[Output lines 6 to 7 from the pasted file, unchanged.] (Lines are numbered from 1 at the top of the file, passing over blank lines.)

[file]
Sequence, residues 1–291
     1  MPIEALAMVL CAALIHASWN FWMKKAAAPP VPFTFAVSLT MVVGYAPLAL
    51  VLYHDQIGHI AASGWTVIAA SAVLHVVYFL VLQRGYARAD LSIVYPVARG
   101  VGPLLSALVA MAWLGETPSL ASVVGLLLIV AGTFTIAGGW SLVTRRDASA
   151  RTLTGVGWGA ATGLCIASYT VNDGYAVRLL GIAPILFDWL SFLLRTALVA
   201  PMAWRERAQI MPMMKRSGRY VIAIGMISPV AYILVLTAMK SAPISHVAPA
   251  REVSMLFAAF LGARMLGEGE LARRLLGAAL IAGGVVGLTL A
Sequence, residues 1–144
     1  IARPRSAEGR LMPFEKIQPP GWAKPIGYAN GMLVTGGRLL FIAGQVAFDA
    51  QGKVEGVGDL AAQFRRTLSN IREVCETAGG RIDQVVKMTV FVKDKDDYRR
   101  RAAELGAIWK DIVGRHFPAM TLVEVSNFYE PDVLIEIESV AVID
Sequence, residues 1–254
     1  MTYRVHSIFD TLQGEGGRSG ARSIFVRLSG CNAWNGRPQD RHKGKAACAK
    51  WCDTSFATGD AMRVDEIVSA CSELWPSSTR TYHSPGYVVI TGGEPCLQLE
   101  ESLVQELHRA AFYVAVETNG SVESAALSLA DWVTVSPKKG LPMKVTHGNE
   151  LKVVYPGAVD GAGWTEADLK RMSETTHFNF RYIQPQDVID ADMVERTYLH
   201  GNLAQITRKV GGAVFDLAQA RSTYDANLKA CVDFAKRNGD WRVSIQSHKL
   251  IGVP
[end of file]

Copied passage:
   201  PMAWRERAQI MPMMKRSGRY VIAIGMISPV AYILVLTAMK SAPISHVAPA
   251  REVSMLFAAF LGARMLGEGE LARRLLGAAL IAGGVVGLTL A